Foreclosuregate has focused attention yet again on the scams and frauds of the banks. And with it has come a revisiting of all the other scams and frauds the banks ran, and in most cases are still running, in the housing bubble and its aftermath, in CDOs and CDSs, in the greater world of derivatives, and in markets and the economy generally. But will it last? Will it lead to effective action? I don't think so. For there to be an effective response there needs to be a reasonably complete understanding of the problem. And I don't see that happening.
Everyday there are new articles about fresh ways the banks were and are scamming us. You just have to wander over to a place like Naked Capitalism today to see articles about how loan servicers weren't just screwing borrowers but investors or how banks took a cut on profits from pension fund investments but shared none of their losses. There are dozens of scams out there run thousands, even millions, of times, but they are presented to us piecemeal. There is no overarching synthesis of what they represent.
We, of course, know it as kleptocracy. Kleptocracy is not a sometime thing. It is about looting anything that can be looted, as much as it can be looted, anywhere it can be looted. It is a serious, and very criminal, undertaking. And it has real victims. People's lives are ruined by it. People die from it.
Kleptocracy thrives because virtually all of our society's official apparatus promotes it and benefits from it. You have only to look at the Obama Administration's casting foreclosuregate as nothing more than a technical glitch in the paperwork, hardly worth bothering about, certainly nothing to justify a national foreclosure moratorium. Immediately taking the side of the banksters against distressed homeowners, and these are the Democrats, you know the party that is supposed to care about ordinary Americans.
As I said, kleptocracy is not a sometime thing. It is the lens through which we must view all public acts and events. We need to understand kleptocracy better. We need a politics of kleptocracy. We need an economics of kleptocracy.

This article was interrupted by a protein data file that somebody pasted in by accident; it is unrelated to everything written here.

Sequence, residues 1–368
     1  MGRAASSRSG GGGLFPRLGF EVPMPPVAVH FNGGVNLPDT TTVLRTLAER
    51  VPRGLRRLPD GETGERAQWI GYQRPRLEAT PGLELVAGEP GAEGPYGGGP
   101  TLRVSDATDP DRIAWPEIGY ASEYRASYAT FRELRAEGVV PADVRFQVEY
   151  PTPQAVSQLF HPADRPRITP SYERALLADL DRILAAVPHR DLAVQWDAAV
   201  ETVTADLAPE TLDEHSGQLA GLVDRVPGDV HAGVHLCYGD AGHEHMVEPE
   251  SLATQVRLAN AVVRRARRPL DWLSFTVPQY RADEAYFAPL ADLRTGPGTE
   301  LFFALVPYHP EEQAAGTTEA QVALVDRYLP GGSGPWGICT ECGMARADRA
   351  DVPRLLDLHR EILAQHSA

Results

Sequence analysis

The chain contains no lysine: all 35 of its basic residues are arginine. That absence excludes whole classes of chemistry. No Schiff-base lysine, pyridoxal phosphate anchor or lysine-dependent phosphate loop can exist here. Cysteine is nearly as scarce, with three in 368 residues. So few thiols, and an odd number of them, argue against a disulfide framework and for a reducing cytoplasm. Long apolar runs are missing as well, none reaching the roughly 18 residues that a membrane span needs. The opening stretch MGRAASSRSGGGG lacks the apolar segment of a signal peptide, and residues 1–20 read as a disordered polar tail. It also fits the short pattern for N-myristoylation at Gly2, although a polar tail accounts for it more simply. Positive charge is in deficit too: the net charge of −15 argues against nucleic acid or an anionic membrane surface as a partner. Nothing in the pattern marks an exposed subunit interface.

This last was brought home to me recently by a couple of articles, one by Roubini on the balance of payments issue and one by Krugman on the mortgage morass. Fairly schizophrenically, Roubini argued that the US, meaning the middle class, needed to engage in austerity over and above what it currently is suffering and industries needed to export more, and that this wouldn't work. What was missing in Roubini's piece was any awareness of how kleptocracy and the massive inequality in wealth it has spawned play into the whole international trade scenario: transfer of wealth from the middle class, use of said wealth to finance outsourcing overseas, increased indebtedness and disappearance of the middle class. It is the proverbial 800 lb. gorilla in the room and Roubini either doesn't see it or ignores it.
The same thing with Krugman. Lots of problems in the mortgage industry. But no synthesis. It is like looking at a car but seeing it only as an assemblage of car parts without ever acknowledging that it is a car and what a car is used for.
Neither Roubini nor Krugman can ever accept that what we have in this country is kleptocracy because it totally negates every economic position they have ever taken and sets at nothing the high social status they have acquired in the kleptocratic hierarchy.
Still it is important to realize that our country is being run on kleptocratic principles, that the goal of kleptocracy is economic feudalism, but that it is inherently unstable and unsustainable. It has not off switch. It goes until the kleptocrats crash so badly they can't maintain their power to lie and steal by lying and stealing.
This is where all economic and political analysis should be focused, and where almost none of it is. But to understand what is going on and how it will play out, such a focus is absolutely necessary.